Let us discuss these factors in detail. The political, social, economic and cultural factors impact a lot on the tourism that the country attracts. If a country is facing general political unrest, with riots and rallies every other day, and other obstructions in daily lives, it will be highly unlikely that tourists will choose that spot for their vacations (COHEN, Jeffrey H., 2007). It is often the case, that during conditions of political unrest, threats to the security of lives of the citizens of the country arise. No tourist shall be in the favor of visiting a country where their lives are in danger even if it offers amazing cultural heritage and other infrastructure. The ambiance of stress and tension created by political unrest in a country will dissuade tourists to plan their trips to a country as the purpose of most vacations planned by tourists is to escape from the stress already prevailing in their lives (FLEMING, Carrie-Ann, 2010), and not to land them in further stress that may also involve life endangerment. An example of this may be the decreased tourist flow into Egypt. The country went through a major revolution that lasted for over a year and half stretching from January 25, 2011 to June, 2013 (WAHBA, Khaled, 2011). There was a power struggle between the people of the country and their dictator government. This led to a sharp decline in tourism in the region. Revenues from Egypt tour packages offered by the country's government fell by 24% from 2010 $3.6 billion in 2011 from a staggering $4.46 billion (FAYED, Shaimaa, 2012). Since tourism industry contributes around 11% to Egypt's GDP, the economic consequences of the drop in tourism for the host country are detrimental along with the riots and social unrest swarming the country (CNBC, 2011). During the revolution, there were several Egypt tour packages and other tourism policies launched by President Mubarak, consisting to increased services and discounted prices that however, failed to attract more tourists into the country due to the tussle between the government and the people of the country. The tourism rate in Egypt will only pickup once the revolution has subsided and the government has sorted out its issues with the people. Unless and until the government of Egypt gains the trust of travelers around the globe that they are a safe region to visit, the country will be faced with a decline in their tourism industry. Other regions of North Africa, such as Mali, have also suffered the same fate as Egypt with regard to their tourism industries. Military coups in 2011 in the country led to Mali's famed tourist destinations into becoming void of any tourists at all (TAYLOR, Alan, 2012). However, unlike Egypt, they do not have the same level of cultural heritage to offer, so it is unlikely that the tourism industry will ever be what is was before the political unrest began. Part of political unrest is the terrorist activities that take place in a country. Terrorism is on the rise all over the world with regions in the Middle East, North Africa and South-East Asia being the most affected (ALI, Shazad, 2010). Same goes for the tourism industry in the Middle Eastern countries such as Palestine, Jordan, Bahrain, Syria and others that are prone to civil unrest and terrorist attacks (STEINER, Christian, 2010). With the terrorism activities getting worse year on year, and the governments not taking any actions to reinvigorate their tourism industry, there is no going back for these countries any more. Even high levels of crime and violence lead to tourists being reluctant to visit certain countries. This includes countries such as Mexico, Pakistan and the Honduras. The Honduras house the murder capital of the world, the city of San Pedro Sula, with highest murder rate in the world. In 2011, 1,143 of San Pedro Sula's 719,447 total population numbers were murdered (MORAN, Lee, 2012). Such places drop of a tourist's radar like flies. Although most of Mexico's tourist locations are safe, while the quarantined dangerous areas are often avoided by tourists that do visit country, the increase in the gang wars and drug violence moving into the "safe areas" are fast discouraging tourists from choosing Mexico as a holiday destination. Political factors also include the different types of government regulations governing the inflow, activities and outflow of tourism into and out of a country. Many countries have developed policies in order to attract tourism, and hence, more foreign remittances into the country, whereas some countries discourage the movement of too much tourists into their countries for purposes of maintaining national security. For example, the United States of America has developed very strict policies regarding the issuance of visit visas to tourists from countries that are considered to be going through social and political distress in order to protect its national security (LUCE, Edward, 2007). Such measures deter tourists from travelling to such locations. There are other restrictions that the government can pile up on tourists to make them rethink their decision on travelling to a particular region or a country. Such restrictions include the stringent visa regulations, luxury taxes and other tax policies placed specifically on tourists visiting from abroad will discourage the international travelers from visiting places of even strong tourist infrastructure and other attractive cultural heritage.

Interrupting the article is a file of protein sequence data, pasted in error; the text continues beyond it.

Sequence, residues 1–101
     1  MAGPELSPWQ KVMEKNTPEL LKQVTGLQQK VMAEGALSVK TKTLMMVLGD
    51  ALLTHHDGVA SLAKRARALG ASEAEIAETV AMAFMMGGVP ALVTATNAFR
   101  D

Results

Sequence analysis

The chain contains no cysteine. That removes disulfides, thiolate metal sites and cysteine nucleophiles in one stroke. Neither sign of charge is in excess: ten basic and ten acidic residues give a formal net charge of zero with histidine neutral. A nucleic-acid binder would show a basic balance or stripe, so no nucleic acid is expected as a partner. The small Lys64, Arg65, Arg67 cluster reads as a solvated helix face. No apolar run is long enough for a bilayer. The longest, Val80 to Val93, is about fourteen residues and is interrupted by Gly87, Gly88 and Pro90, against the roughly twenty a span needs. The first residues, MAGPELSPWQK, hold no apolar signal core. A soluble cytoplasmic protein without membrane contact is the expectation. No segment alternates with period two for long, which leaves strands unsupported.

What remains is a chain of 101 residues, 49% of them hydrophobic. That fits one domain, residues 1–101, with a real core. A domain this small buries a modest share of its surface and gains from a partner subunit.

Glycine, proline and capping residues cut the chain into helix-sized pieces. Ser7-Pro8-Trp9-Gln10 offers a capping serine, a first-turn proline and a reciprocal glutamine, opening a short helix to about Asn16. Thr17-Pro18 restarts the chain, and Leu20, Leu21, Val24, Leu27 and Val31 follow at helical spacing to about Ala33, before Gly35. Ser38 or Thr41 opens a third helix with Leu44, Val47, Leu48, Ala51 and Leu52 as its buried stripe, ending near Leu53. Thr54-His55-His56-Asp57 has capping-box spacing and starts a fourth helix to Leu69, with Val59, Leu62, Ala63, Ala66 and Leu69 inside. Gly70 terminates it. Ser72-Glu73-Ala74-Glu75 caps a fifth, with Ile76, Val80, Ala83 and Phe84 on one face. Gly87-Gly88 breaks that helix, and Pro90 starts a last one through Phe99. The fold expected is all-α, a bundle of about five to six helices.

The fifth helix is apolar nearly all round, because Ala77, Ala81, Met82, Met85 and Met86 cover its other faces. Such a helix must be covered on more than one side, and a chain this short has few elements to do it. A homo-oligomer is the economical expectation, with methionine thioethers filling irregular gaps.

Apart from political factors, there are economic factors too that affect the tourists coming in and going out of a country. The economic factors are fairly simple to understand and can be divided into macro- and micro- economic factors. The world has been undergoing through an economic recession post-2008 (VERICK, Sher and Islam, Iyanatul, 2010). People tend to generally spend less on luxuries such as vacations, and tend to focus on necessities. Hence, the control on spending leads to lowering of the tourism all over the world. According to the UK Office for National Statistics, tourism declined in the United Kingdom by 7% after the recession took its toll (ONS, 2009). There was also a decline in tourism-related industries, i.e., the industries set up for the provision of goods and services for tourists, in the years post the 2008-2009 recession. As a result, due to a drop in the infrastructure available in the UK for tourists of different sorts, there was a lower tourist turn out. Although UK being a very popular tourist destination will always be ravaged with tourists especially when it comes to the city of London, it has seen a decline in the tourists that travel all over the UK, and prefer staying in inns and pubs as a part of the culture of the country, due to the closure of such places due to drop in tourists that travel with a budget in the recession era. There has been a resorted decline in the spending per guest on hospitality services. This includes restaurants, hotels, gift and souvenir shops etc. Apart from tourists travelling in leisure, there has also been a drop in corporate tourists, i.e., those visiting other countries for business purposes, as businesses started cutting costs and reducing international travel, substituting its need with technology wherever possible (BRANCATELLI, Joe, 2013). As a result of the drop in tourism as a result of economic factors, there prices in tourism related industries fell, but failed to attract any customers. Another aspect of the macroeconomic factors is the fluctuations in the currency prices. Changes or diminution in the value of currencies can have a negative effect of tourism and travel (DEPARTMENT, Policy, 2001). If… [END OF PREVIEW] . . . READ MORE